Your To Do List for Skyrocketing Income in the Coming Years

Your To-Do List for Skyrocketing Income in the Coming Years

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We’ve been focusing for the past couple of weeks on the research that shows us how important bequest revenue from donors can be – two to four times as much as ordinary donation revenue.

But it doesn’t just happen. There are some things you need to do to claim that revenue. Here are some things you should start doing…

Invest in bequest fundraising NOW

This is the most important thing you can do. If you don’t talk regularly to your donors about legacy giving and have ways to help them, your bequest income will be limited and sporadic.

Have a person who is your designated legacy or planned giving leader. They should be good at talking to donors about their values and aspirations and also know enough about wills they can answer detailed questions and give good guidance.

At many organizations, this person is part of the major donor team, mainly because there’s a significant skillset overlap between major donor fundraising and bequest fundraising. But it could be someone from anywhere.

Depending on the size and budget of your organization, this could be a part-time assignment for someone who has other (hopefully related) duties, or a full job. It could even be a team of people. The important thing is that bequest fundraising should be someone’s responsibility – someone who can give it time, energy, and leadership.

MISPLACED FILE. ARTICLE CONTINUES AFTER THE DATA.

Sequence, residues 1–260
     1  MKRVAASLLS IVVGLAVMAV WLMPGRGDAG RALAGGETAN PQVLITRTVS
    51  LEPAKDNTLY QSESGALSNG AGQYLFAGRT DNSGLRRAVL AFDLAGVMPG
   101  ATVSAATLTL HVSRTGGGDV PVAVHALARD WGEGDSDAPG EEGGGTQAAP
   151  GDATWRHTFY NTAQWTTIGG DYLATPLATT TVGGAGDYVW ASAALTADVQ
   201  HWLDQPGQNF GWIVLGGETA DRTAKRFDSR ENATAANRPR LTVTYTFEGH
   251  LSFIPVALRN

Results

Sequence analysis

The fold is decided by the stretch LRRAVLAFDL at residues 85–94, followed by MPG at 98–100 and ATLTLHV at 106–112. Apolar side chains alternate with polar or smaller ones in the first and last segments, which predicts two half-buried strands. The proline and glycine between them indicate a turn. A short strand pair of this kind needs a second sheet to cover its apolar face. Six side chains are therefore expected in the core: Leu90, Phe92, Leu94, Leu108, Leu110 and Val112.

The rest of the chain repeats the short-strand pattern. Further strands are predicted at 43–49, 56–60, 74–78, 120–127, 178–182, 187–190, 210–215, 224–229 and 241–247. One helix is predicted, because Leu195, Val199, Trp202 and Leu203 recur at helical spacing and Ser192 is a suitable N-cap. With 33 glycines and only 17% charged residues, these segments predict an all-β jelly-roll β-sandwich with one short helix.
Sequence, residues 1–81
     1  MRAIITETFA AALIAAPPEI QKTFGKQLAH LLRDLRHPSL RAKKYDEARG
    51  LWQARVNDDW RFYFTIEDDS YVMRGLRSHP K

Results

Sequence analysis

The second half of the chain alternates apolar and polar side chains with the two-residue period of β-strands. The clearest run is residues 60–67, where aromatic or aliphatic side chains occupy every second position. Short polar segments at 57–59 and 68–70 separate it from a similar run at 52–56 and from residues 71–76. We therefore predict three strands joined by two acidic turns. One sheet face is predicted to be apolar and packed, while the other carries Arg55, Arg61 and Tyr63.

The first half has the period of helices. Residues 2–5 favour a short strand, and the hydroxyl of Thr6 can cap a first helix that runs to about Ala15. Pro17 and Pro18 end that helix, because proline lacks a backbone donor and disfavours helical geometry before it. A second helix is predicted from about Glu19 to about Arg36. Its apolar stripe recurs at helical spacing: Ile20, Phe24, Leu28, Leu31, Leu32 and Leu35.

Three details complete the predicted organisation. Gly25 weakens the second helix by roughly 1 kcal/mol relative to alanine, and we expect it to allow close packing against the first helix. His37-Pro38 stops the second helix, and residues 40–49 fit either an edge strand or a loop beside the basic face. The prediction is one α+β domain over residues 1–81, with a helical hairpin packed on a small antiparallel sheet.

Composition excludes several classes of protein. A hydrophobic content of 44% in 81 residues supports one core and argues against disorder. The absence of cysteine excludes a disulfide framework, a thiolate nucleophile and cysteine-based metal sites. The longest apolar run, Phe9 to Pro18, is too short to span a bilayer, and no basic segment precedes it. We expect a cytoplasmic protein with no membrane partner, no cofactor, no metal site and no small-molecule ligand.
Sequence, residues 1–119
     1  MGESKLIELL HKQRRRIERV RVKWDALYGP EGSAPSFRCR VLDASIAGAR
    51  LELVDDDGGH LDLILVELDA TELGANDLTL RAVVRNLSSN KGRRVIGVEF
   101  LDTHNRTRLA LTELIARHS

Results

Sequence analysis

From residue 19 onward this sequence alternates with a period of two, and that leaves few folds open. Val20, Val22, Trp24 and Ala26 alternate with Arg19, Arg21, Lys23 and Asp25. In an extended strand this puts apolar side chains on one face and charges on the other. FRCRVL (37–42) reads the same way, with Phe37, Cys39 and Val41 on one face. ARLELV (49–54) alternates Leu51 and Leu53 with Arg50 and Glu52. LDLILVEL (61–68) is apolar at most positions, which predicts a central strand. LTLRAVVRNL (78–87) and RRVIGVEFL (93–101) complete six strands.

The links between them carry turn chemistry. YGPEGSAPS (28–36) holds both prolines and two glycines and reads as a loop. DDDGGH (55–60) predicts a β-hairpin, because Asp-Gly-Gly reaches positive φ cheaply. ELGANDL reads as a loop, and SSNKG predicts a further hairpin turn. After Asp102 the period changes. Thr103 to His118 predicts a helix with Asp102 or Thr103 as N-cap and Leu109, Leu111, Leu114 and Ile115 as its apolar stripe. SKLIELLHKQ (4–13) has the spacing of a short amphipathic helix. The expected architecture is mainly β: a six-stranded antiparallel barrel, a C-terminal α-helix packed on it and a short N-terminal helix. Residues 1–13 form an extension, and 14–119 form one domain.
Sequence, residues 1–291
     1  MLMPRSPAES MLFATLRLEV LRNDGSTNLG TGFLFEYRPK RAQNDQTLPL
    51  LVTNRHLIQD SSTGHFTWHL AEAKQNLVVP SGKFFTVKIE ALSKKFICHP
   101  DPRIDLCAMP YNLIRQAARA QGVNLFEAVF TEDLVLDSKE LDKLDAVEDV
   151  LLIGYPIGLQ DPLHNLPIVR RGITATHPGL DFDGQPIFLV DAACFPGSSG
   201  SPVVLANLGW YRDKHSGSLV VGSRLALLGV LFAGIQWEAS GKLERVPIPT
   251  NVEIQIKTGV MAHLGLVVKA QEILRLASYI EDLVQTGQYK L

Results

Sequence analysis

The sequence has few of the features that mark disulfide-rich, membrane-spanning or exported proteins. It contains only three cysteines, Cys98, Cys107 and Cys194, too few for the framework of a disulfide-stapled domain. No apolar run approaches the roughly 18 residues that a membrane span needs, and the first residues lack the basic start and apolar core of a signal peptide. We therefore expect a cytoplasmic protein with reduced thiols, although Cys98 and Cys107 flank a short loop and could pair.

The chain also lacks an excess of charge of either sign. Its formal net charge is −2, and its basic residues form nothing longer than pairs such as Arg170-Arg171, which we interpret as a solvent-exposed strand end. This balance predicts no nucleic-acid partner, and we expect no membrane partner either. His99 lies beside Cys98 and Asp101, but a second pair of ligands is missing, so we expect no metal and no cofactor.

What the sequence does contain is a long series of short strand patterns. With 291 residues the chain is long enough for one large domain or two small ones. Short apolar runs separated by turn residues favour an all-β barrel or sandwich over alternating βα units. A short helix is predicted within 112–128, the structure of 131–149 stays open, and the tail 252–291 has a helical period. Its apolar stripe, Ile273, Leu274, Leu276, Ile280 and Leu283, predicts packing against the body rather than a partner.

Find out the age (birthdate) of every donor possible

By far, the people most aware of their own mortality are older people. That’s why they are the most likely to think about their legacy, have a will, and include a nonprofit in it.

You need to know who your older donors are! Here are some ways to do that:

  • Ask them their birthdate. Ask new donors early in the relationship. Most are happy to share, though do make it clear this is optional for those who prefer not to tell you. This will tell you which donors to prioritize for bequest communications.
  • Append birthdates from other sources of data.
  • Listen: If you call donors to thank them (or for any reason), have callers note in donor records those who “sound older” or say things that indicate age (like, “I’m retired.”).

Bonus: Having birthdates means you can send birthday greetings to donors, which is a great way to connect!

Other donor characteristics to prioritize:

  • Those who have donated by mail.
  • Those who have made multiple gifts.
  • Monthly donors.
  • Recent donors (within the last 12 months).
  • Those who make above-average gifts from the beginning of the relationship.
  • Statistical models that predict charitable bequests can help you find strong leads.

Surveys, surveys, surveys

I’m not talking any old survey. I’m talking about what we at Moceanic call the Supporter Connection Survey. This is a survey that is designed to open a conversation with donors. It typically includes a question about gifts in wills that makes it the best-known tool for generating bequest leads. See below for some links to posts and information about this powerful tool.

Here are some of the ways to deploy the Supporter Connection Survey:

  • Send a full survey every year. Maybe more often!
  • Include the survey in their new-donor welcome journey.
  • Look for other times to send partial surveys that include the bequest question, such as in donor newsletters.

Bequest “drip marketing”